reviewed on PC
Scary Movie? Scary Game!
Recently I picked up a copy of F.E.A.R which is short for First Encounter Assault Recon. It is the newest installment from Sierra to the genre. Though I'm not one for online multiplayer shooter, I do enjoy a good plot to go with my explosions and heart pounding gun fire, and thus far, this title has yet to disappoint.
As the name of the title implies, F.E.A.R. plays on your human emotions and 'gut' reflexes. If any of you have played DOOM 3, you know what it is like to have something pop out at you from a dark corner and receive a hail of hot lead or plasma from your weapon, leaving a smoking husk of a lighting fixture that simply gave way and fell in front of you. Meanwhile the real threat is creeping up behind from you. F.E.A.R. puts you into the similar mindset of "If it moves, shoot it" and adds "If it's still moving shoot it again". Though not nearly as dark or nightmarish as Doom, F.E.A.R. gets you in more subtle ways. Sure, the room you're in right now is well lit and offers great visibility, but as you look down the next corridor, you can almost smell the dank stench of the old water piping you need to crawl under to get past an obstacle, knowing that if you were to be ambushed, you would have no where to go.
F.E.A.R. is a supernatural thriller, there is a very distinct spiritual presence tormenting you throughout the game. I don't want to give away details about the plot, but I'll say this; some spirit doesn't like you, and knows just how to mess with your mind. At a glance, most would say that the form of the spirit, that of a little girl, has been overdone with such releases as Resident Evil, The Ring and The Grudge, and I'm not going to argue, I thought the exact same thing, however, don't judge a book by its cover. The little girl is a perfect fit into this title and just because something like it has been done before, makes it no less creepy.
Not reinventing the genre
Gameplay in F.E.A.R. produced a mixed reaction in me. The gameplay is fast and exciting, very smooth and the few puzzles along the way were enough to slow you down, but not so complicated to put the game down because of it. Gameplay also offers seamless cinematics. If a scripted scene takes place, it is rendered with in game graphics instead of CGI, so the only time you are actually taken out of the action or the role of your F.E.A.R. operative, is during the loading screens between stages. Otherwise, you are always looking through your operatives' point of view.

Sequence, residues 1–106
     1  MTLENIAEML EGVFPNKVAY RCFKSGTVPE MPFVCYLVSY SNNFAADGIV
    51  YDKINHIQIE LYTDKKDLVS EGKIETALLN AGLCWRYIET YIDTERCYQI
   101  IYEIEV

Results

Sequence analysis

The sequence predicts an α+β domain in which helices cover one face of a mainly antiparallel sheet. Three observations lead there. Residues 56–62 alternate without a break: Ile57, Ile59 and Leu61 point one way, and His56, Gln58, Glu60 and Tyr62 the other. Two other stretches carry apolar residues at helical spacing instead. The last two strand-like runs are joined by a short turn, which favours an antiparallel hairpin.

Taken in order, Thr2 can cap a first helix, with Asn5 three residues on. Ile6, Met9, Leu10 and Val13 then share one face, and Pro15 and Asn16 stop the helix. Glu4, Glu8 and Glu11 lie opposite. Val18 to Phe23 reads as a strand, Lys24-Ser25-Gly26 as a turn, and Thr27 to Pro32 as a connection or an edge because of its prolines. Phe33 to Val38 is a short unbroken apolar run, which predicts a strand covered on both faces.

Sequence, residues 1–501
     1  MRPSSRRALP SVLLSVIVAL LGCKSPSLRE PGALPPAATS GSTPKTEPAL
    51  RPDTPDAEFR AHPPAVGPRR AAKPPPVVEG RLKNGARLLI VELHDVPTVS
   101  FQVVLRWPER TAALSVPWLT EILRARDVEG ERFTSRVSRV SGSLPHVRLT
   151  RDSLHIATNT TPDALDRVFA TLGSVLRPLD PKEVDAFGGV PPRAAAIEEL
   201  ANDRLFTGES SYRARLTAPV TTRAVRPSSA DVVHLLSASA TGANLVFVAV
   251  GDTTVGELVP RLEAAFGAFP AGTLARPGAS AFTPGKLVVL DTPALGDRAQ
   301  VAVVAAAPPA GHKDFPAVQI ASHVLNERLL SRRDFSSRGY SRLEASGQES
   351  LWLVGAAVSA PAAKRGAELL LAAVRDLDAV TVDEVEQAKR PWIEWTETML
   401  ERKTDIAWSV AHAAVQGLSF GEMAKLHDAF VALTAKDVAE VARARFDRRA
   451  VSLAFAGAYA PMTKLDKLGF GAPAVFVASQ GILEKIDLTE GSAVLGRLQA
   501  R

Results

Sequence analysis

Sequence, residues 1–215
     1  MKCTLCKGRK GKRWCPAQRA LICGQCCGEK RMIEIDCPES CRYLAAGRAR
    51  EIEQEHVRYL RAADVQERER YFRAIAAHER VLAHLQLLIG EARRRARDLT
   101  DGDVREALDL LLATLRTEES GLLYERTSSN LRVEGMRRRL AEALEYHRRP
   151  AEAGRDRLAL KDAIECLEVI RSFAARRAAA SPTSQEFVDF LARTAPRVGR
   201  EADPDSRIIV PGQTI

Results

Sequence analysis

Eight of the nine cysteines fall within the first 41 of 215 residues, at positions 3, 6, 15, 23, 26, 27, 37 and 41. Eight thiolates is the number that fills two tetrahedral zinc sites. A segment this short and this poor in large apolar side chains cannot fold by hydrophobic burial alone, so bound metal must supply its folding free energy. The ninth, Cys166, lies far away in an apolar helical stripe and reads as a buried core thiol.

F.E.A.R. also makes use of slow motion or "Bullet Time" as it is commonly known throughout the FPS world. This at first seems very out of place in a game where you are supposed to be playing the role of GI Grunt Operative who is nothing special. As you advance through the game however, you start to learn more about yourself as well as the plot that is unfolding around you. Although I cannot fault the gameplay in F.E.A.R., I must point out that the game simply rehashed old tricks. It does not bring anything new to the FPS genre or break traditional feel that almost all FPS games have, which is run through a map, and shoot things. They did expand a little bit on melee combat, but only by adding a few different melee options besides hitting your target with the butt of your weapon. With a few button combinations, you can execute a jump kick or a sliding kick to dispatch targets when you need to stay quiet, but those occasions are few and far between and very underplayed. So while the implementation of the standard FPS conventions was well done, it feels like a missed opportunity to not elevate the game to higher standards by trying something new here and there.
They're smart alright
If you are familiar with First Person Shooters, the game will not introduce many new aspects for you. That is not to say it is a cookie cutter of previous shooters. F.E.A.R. has an amazing AI system for its opposing forces. As the story progresses, you find yourself pitted against squads of troopers which display a range of emotions, thought, and reactive aggression that can be found creepy in its own way. The AI squad leader keeps in constant contact with his troops barking out orders that include flanking, taking cover and even flushing you out of your hiding spot with some well placed grenades. When the AI squad is in trouble, the squad leader has no problem calling for backup from what seems to be other areas of the map. If more games are to come out with this display of AI level, PC gaming is about to get very interesting for all of us. The AI troopers have also proven to be very capable marksmen, often deploying the same array of weapons as yourself and using them just as effectively. They sneak, they hide, they use squad tactics and they should not be underestimated, especially on the higher difficulty levels.
Replayability of F.E.A.R. is limited since the single player mode is a linear plot driven story. The best you can do in single player is perhaps turning up the difficulty levels to add challenge. The real replay factor of the title is in its multiplayer mode. Multiplayer offers the typical mix of game modes such as Death Match, Capture the Flag and Team Elimination. In addition to the old favorites, they also offer a "SloMo" version of each mode. A "SloMo" match is when you pick up the SloMo power up, you must hold on to it and stay in SloMo (Bullet Time) as long as possible before the other players take you out. It is a bit weak compared to the dedicated multiplayer shooter titles, but its better then no multiplayer at all.
No Pros and Cons at this time